The thermoclines aren’t that deep, makes a lot more sense to me to run a spar, kite, whatever down 200 or 600m to sail off the currents. We would need a major proof on concept on that, though.May 12, 2009 at 3:16 pm #5971
ran into the problems you’ve mentioned and in the article, and the associated articles, explained how he solved them. He used a 200lb stock-less (navy) anchor, 100ft of chain, 300lb iron weight and an unspecified length of steel cable attached to a 3/8in nylon line. He anchored the Calypso weighing in at 360tons in 24600ft of water to a 3/8in nylon line… The thermocline sail idea is intriguing but would have to be proved. In any case as I see it the Seastead itself would not be anchored to the bottom it would be attached to a mooring the same way that ships and boats are.
As to the necessity of a more or less fixed position, customers and visitors in general have to be able to find you! The ocean is a big, big place even with GPS, radio direction finders and radar people still get ‘lost’. In order to avoid interference from the macro nation/states your Seastead would have to be far out to sea but close enough to the established sea-lanes so that people can detour off their base course and come ‘a callin! Also, JC when you’re talking about ‘freight’ and ‘regularly scheduled deliveries’, you make it sound like a floating Wall-Mart (God forbid).loll;) The people living on Seasteads, like the Cruising community today, would necessarily be more or less self sufficient like the homesteaders of old, ‘sailing’ across the prairie in their Conestoga waggons.May 12, 2009 at 4:31 pm #5972
As to the necessity of a more or less fixed position, customers and visitors in general have to be able to find you! The ocean is a big, big place even with GPS, radio direction finders and radar people still get ‘lost’. In order to avoid interference from the macro nation/states your Seastead would have to be far out to sea but close enough to the established sea-lanes so that people can detour off their base course and come ‘a callin!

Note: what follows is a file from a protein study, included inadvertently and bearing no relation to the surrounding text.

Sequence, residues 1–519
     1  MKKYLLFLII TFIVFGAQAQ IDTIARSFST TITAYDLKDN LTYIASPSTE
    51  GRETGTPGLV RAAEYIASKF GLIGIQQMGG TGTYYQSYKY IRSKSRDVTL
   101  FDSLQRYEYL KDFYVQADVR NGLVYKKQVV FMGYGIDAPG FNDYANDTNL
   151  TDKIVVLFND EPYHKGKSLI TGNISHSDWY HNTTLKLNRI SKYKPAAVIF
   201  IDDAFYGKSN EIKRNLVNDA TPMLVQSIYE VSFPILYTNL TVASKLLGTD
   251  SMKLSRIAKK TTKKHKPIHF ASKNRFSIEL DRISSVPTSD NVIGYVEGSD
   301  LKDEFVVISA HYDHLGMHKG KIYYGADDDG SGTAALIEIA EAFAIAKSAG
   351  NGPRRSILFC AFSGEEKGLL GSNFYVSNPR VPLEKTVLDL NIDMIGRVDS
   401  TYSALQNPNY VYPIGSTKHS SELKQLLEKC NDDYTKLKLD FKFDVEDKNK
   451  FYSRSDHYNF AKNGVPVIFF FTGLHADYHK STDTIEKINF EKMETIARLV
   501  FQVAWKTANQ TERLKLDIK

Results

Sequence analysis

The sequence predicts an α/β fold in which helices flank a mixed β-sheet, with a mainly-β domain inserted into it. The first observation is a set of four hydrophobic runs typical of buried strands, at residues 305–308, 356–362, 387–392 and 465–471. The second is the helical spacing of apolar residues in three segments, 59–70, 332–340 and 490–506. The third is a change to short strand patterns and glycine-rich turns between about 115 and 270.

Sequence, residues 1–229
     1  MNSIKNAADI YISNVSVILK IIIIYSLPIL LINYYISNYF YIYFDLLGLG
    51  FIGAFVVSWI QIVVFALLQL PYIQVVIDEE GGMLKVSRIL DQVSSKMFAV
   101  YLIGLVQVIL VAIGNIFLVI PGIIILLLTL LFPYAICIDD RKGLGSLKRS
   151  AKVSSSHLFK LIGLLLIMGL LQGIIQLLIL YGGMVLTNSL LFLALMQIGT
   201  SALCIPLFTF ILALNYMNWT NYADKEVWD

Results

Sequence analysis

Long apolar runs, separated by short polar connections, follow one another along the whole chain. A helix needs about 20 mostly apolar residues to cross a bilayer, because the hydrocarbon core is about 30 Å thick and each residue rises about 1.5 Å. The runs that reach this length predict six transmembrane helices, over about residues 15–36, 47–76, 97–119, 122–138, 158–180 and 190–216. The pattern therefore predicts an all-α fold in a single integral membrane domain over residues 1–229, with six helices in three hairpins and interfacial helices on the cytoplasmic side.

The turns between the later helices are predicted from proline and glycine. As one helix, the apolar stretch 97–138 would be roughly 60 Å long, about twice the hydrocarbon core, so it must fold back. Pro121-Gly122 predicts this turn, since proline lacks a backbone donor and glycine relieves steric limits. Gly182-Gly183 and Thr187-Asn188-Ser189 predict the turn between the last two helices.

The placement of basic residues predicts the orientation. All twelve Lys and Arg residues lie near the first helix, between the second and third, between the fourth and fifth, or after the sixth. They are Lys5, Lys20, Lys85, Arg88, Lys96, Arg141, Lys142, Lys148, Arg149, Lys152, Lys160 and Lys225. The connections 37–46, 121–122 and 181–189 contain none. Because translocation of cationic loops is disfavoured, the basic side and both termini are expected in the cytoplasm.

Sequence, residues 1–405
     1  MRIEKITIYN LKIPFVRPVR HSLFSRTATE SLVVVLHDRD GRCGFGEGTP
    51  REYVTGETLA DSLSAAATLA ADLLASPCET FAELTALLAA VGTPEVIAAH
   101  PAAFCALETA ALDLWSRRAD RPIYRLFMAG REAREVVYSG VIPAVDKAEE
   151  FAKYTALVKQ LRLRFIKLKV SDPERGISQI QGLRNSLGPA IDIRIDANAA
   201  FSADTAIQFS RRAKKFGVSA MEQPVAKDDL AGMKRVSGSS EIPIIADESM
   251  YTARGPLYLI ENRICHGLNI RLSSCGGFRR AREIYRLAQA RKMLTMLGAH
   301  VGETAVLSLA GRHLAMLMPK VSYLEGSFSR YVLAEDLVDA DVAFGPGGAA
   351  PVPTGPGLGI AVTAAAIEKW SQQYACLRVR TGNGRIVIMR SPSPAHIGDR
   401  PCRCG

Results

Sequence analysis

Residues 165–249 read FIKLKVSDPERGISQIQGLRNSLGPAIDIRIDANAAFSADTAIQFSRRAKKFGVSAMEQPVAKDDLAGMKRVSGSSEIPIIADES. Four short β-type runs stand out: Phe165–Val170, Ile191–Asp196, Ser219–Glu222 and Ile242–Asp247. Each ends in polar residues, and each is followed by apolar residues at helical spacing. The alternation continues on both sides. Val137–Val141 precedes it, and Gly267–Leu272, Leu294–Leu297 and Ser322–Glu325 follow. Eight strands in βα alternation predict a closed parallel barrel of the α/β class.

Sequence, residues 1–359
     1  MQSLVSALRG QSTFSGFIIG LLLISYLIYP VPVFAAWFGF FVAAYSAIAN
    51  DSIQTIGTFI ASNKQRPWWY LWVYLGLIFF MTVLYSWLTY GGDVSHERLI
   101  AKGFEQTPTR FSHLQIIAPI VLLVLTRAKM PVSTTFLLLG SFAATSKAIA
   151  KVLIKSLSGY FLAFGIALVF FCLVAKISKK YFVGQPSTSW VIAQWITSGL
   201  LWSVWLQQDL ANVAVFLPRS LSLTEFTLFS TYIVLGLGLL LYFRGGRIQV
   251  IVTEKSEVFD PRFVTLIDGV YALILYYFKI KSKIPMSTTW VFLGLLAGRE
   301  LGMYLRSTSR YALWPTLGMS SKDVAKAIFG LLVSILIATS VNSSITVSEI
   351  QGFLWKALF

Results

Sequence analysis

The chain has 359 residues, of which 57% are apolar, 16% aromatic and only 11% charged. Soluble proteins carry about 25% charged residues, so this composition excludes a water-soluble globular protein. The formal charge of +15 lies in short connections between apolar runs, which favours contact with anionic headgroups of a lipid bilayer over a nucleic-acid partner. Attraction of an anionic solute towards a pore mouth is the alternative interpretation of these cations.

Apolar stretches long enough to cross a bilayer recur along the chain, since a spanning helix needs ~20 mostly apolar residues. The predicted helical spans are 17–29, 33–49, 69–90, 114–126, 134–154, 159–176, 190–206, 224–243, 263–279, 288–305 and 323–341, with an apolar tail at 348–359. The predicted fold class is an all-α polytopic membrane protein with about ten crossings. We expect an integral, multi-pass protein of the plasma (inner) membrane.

This would be the challenge of moving platforms. I think it’s simply a factor the platform’s residents must take in to consideration, though – the farther they go from ports and established sea routes, the more impractical (and thus more expensive) getting things to the platform would be. Hanging near established routes would definitely be a good idea, as it makes it much more practical for people to ‘hitch a ride’ on vessels already going somewhere, which would be much cheaper than a dedicated trip.
Also, JC when you’re talking about ‘freight’ and ‘regularly scheduled deliveries’, you make it sound like a floating Wall-Mart (God forbid).loll;) The people living on Seasteads, like the Cruising community today, would necessarily be more or less self sufficient like the homesteaders of old, ‘sailing’ across the prairie in their Conestoga waggons.
As I note, I’m thinking the volume of physical deliveries to a platform would be very low. There are still things that are not practical to create on a platform that platform residents may still desire, however. Think beef – ‘cattle platforms’ seem solidly impractical. These would need to be physically delivered. Platform residents would have to become used to less of this kind of thing, certainly, but I still expect that most platforms will receive regular shipments from the mainland (and certain types of businesses may be sending regular shipments to the mainland). The volume on these would probably be small, though, likely less than once a month.
I knew someone that spent a year on a small island outpost as part of a biological research project. They received shipments (actually via helicopter, because they were close to shore) once a month, and lived pretty comfortably. This could easily be done on platforms, especially considering that platforms would be even more self-sufficient – the use of wave power and wind power, and the use of wind power for propulsion minimizes the need for diesel fuel to hopefully near zero, while the island outpost needed regular delivery of fuel to power generators. I believe they were also receiving drinking water via helicopter. So a platform shouldn’t have trouble getting by with physical contact less than once a month.May 12, 2009 at 6:28 pm #5973
Self sufficiency is not an option. Very few people have ever been self sufficient, most of them only by accident, and all of them have been a lot poorer because of it. Trade is essential if you do not want poverty.
Where will you get your computers? Refrigerators? Outboard engines? Tools? Clothes? Pencils? Will you make all these things? Of course not. You will trade for them, or you will not have them.May 12, 2009 at 7:51 pm #5974